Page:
Latinos Unidos at Clemson University, a student group created to serve Clemson’s Hispanic and Latinx community, started a fundraising campaign to aid members of that community affected by the escalating economic impact of the nation’s coronavirus lockdown.
“Usually we try to serve through cultural, educational or social events, but right now our community is being hit particularly hard by this pandemic,” said Club President Claudia Wong, a junior studying bioengineering. Wong and the other five members of the executive board quickly shifted the club’s focus when they witnessed the rapidly growing need and brainstormed the best ways to use the club’s platform to help the local Hispanic/Latinx community.
“We decided that it would be most effective to raise funds and awareness. We considered various nonprofits, but chose Hispanic Alliance because they have a similar mission to serve the Upstate Hispanic/Latinx population,” said Wong, noting the Hispanic Alliance has a proven track record of helping people on the Clemson campus. Partnering with them to give people a way to help made sense to the group. She said every dollar is needed because the aid will help those who are most vulnerable to the devastating effects of COVID-19.
The pandemic has impacted the Hispanic/Latinx community disproportionally, with 49% of Hispanic households having experienced pay cuts or job losses, compared to 33% of the whole U.S. population. Additionally, many in the Latinx community are most worried by their current financial situations, leading them to risk their health in frontline jobs. Only 16% of Hispanic workers are able to telecommute, compared to 31% of non-Hispanics.
Falling ill is a serious issue with Latinos, because they collectively make up the population with the lowest rates of health insurance in the U.S. Only 38% of Hispanics in low-wage jobs have some form of health coverage. People of color who do get the virus are at higher risk of serious illness due to higher rates of underlying health conditions and difficulty accessing care.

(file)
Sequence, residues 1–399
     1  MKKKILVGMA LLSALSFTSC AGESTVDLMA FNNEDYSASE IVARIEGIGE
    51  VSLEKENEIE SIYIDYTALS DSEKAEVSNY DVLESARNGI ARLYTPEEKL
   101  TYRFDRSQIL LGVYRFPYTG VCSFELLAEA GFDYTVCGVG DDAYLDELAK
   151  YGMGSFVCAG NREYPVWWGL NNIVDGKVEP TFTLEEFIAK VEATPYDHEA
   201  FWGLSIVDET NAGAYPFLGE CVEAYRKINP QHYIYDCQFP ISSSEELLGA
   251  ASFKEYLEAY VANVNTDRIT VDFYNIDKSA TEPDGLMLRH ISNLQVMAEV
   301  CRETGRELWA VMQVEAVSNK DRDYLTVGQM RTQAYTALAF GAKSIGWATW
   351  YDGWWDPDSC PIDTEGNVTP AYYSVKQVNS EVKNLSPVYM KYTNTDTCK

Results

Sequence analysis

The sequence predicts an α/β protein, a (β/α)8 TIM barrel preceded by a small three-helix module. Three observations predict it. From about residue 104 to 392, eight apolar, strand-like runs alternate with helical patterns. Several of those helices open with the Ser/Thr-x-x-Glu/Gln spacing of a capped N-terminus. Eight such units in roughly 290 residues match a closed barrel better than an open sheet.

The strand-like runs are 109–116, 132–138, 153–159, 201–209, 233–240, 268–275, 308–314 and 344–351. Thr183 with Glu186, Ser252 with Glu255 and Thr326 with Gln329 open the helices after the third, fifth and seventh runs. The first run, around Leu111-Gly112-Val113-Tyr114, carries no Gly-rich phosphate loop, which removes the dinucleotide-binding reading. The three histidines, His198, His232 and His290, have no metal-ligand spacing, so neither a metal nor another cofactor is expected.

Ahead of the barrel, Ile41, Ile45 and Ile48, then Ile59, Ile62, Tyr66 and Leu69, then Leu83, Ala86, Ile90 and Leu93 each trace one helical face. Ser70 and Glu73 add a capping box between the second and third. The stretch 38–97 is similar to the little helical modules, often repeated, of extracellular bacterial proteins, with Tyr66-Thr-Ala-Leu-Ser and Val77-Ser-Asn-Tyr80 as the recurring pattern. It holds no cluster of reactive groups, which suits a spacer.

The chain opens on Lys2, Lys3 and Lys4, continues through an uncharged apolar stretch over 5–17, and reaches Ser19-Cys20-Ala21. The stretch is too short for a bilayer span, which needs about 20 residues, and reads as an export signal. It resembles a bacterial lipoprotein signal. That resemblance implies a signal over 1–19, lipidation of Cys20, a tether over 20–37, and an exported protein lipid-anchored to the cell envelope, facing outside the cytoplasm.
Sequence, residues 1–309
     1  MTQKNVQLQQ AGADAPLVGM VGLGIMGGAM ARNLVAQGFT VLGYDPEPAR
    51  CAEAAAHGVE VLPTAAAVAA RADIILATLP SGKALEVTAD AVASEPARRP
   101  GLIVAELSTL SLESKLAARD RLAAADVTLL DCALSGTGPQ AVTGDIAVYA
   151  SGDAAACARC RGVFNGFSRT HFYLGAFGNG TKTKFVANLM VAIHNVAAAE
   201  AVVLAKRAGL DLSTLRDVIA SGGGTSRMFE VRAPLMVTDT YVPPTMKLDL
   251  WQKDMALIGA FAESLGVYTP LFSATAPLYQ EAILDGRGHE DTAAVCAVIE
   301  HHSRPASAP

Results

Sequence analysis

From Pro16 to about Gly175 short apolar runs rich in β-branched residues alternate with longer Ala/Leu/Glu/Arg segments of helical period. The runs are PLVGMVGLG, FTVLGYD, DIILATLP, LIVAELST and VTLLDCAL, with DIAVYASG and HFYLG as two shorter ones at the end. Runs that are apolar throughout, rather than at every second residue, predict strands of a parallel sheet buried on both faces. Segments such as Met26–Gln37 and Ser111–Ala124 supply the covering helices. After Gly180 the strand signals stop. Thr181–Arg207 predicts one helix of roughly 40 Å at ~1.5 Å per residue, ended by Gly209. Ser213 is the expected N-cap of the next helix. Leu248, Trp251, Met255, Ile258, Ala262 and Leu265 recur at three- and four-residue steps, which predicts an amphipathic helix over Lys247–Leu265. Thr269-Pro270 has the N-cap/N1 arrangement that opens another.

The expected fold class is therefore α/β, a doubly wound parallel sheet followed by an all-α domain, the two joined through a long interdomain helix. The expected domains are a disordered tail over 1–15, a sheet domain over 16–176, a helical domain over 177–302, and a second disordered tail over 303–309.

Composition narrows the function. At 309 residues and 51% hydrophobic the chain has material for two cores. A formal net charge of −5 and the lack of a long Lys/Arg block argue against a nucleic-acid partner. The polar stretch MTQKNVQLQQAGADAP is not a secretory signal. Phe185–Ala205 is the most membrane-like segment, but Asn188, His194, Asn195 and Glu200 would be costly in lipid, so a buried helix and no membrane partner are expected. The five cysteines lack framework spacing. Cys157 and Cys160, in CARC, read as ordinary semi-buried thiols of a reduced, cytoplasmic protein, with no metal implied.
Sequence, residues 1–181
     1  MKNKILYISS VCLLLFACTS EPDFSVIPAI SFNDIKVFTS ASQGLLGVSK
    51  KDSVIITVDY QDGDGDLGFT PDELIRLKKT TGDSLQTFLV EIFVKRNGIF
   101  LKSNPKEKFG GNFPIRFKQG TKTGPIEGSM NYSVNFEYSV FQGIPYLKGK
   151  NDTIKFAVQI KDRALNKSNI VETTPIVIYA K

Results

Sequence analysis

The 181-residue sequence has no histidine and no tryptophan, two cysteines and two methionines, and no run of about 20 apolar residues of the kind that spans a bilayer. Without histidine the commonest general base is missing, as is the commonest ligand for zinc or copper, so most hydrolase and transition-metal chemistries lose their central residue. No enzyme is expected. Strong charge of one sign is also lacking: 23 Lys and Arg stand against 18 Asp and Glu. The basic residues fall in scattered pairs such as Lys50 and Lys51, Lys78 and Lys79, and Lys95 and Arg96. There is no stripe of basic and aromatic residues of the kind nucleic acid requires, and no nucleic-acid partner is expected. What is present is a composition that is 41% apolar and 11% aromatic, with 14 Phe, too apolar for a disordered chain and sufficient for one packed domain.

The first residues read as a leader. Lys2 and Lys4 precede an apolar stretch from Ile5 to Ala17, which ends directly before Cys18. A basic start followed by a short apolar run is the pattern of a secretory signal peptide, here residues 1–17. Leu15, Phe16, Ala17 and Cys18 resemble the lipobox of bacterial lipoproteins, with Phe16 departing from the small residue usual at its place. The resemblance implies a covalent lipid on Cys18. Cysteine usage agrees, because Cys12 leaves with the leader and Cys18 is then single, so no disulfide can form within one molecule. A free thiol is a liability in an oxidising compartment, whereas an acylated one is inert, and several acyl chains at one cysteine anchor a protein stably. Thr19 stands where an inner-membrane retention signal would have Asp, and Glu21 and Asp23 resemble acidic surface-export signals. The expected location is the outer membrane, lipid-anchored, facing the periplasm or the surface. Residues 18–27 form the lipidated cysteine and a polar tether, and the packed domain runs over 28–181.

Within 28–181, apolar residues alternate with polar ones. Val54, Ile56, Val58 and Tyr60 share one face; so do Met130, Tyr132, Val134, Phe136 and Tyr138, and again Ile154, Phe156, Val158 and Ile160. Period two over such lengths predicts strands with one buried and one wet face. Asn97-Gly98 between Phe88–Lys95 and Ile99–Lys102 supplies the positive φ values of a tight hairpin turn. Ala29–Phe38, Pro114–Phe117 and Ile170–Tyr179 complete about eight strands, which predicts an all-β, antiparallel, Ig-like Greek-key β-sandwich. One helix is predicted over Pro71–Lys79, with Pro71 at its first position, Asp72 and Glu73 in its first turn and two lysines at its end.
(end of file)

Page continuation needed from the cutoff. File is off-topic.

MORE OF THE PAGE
Julio Hernandez, chief of staff and director for Hispanic outreach in Clemson University’s Division of Inclusion and Equity, said it’s always inspiring to see how Clemson students rally to aid people in need, but even more so now as they themselves are experiencing the limitations of the nationwide lockdown.
“I am very proud of our Latinos Unidos students, who through their leadership are taking ownership of their communities’ success,” said Hernandez. “It’s definitely a great reminder that small acts, when multiplied by many people, can bring positive transformation to the world.”
The fundraiser will be open all summer and had raised more than $14,000 shortly after it began, with Latinos Unidos itself matching the first $2,000 and Southeastern Products matching $5,000.
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